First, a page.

Typed letter signed (“Scott” in ink) to Gilbert Seldes.
Fitzgerald writes two weeks after the publication of Tender Is the Night: “Thank you for your appreciation of the novel. I never had any doubt after the weeks and months of half-sleepless work on the thing that it had some special merit and value but it is so nice to see an appreciation of it so early embodied – especially at the present moment when it can do so much good.” [Seldes gave the novel a rave review in the New York Evening Journal, 12 April 1934, the day of publication.] On the whole the press has been very good except for one blank, in the case of the New York Times by some student who didn’t seem to know what the thing was all about, so they carried it in a small block on the third page – the only tragedy of that to me is that it is the reference journal of the old maid librarians of the Great West. However, your review, more than any other, has given me the most satisfaction and again I thank you for liking the book…As ever, venomously, and even subtly, Scott. “P. S. I was too excited in New York to ask you how the editing of the Lardner book comes along. [Seldes had edited a collection of Lardner’s writings, First and Last, just about to be published.] Tell me if anything new breaks in that line. P. S. 2. You may be interested to know: I have just sold Amanda and Maxwell Perkins to the movies for a practically inexhaustible sum. I tried to throw you in – but no go! – they wouldn’t take you so I’m keeping you for blotting paper or left field – but I don’t even know if you’ll blot! I broke all engagements and took you, fully dressed, around to the printery but there were no complications even if the cough does keep up! So you can stop worrying – or else begin! Amanda and I are very happy here. She does not regret her past life with you, regarding it merely as perfectly terrible! We have drowned the children! The mother didn’t seem to mind it after the first few years! … Then turn back and jog left and right back up into Westport, Connecticut and like it! – or like John [Peale] Bishop and forget Katherine Hepburn or whoever it was who came up against his burning loins. He and I and Amanda are happy! S.”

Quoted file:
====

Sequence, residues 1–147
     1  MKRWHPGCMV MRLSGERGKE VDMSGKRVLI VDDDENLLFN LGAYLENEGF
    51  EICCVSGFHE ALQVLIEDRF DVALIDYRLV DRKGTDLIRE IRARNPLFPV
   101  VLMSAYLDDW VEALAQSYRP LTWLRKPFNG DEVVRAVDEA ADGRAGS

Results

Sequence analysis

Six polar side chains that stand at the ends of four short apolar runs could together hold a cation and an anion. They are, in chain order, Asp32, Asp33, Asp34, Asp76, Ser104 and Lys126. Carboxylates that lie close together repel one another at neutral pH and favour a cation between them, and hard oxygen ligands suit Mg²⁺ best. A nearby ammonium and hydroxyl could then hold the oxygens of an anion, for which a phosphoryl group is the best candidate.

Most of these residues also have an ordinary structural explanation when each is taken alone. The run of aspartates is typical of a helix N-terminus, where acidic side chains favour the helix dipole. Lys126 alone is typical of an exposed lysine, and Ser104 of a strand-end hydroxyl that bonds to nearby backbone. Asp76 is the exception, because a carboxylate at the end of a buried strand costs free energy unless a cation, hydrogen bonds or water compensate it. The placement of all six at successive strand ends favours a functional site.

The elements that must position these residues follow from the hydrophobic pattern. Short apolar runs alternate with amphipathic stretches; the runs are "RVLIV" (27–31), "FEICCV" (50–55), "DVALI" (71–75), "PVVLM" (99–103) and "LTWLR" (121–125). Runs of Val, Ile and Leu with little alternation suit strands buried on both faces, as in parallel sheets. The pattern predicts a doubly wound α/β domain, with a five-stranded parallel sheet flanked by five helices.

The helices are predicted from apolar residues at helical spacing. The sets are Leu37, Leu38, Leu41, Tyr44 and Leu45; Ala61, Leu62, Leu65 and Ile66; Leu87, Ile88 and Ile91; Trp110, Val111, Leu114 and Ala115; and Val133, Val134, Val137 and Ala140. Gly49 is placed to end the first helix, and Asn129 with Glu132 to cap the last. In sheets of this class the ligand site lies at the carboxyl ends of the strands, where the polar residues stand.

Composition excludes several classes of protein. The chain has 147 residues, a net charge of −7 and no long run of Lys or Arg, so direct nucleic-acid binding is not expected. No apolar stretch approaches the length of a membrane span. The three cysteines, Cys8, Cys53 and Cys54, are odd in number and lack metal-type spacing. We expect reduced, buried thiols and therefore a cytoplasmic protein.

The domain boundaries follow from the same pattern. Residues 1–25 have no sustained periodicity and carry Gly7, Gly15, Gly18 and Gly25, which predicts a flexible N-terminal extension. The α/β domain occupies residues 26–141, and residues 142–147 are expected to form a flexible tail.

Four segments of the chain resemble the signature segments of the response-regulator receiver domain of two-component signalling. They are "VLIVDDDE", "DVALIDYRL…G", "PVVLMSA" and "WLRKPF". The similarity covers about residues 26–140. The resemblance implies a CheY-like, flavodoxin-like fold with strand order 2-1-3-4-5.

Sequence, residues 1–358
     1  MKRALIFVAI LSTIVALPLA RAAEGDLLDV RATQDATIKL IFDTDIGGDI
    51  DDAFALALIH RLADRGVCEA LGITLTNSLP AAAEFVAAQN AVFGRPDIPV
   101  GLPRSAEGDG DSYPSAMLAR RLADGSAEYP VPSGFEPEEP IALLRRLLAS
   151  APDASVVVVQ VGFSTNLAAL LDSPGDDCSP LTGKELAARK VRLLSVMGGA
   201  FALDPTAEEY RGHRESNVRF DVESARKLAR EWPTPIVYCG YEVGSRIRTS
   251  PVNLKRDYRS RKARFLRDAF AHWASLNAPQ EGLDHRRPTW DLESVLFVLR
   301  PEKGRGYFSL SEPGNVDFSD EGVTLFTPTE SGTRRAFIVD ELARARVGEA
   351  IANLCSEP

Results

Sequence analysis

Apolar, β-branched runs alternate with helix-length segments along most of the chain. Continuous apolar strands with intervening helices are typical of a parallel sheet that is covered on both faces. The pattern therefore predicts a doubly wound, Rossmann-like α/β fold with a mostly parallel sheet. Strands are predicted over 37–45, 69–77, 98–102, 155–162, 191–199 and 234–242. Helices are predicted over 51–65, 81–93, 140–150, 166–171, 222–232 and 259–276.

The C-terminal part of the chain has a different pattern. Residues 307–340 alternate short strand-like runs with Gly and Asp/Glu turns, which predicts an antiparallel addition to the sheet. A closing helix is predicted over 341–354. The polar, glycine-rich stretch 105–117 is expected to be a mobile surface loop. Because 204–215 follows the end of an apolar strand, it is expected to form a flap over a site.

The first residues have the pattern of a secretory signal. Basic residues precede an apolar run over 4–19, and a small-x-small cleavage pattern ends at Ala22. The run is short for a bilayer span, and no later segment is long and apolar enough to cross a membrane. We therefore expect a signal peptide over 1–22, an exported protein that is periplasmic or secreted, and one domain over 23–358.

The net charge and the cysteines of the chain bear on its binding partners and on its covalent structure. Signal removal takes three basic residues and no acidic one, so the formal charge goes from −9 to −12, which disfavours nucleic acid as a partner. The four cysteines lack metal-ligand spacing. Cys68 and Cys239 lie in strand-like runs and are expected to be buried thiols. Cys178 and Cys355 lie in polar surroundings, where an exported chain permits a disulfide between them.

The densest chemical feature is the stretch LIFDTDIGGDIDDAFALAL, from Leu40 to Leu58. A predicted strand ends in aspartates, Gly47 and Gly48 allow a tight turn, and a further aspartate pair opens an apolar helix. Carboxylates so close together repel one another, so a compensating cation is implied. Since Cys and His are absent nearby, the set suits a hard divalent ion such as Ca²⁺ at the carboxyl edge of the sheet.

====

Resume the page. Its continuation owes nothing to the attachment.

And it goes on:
2 1/8 pages (280 215 mm), double-spaced on three sheets of beige paper, with two postscripts comprising about half of the letter signed “S.” in ink, two small ink stains from corrections, a marginal note by Seldes on the first page.
Bibliography: Not in the M. J. Bruccoli or A. Turnbull edition of Fitzgerald letters and apparently unpublished.Don't understand our descriptions? Try reading our Glossary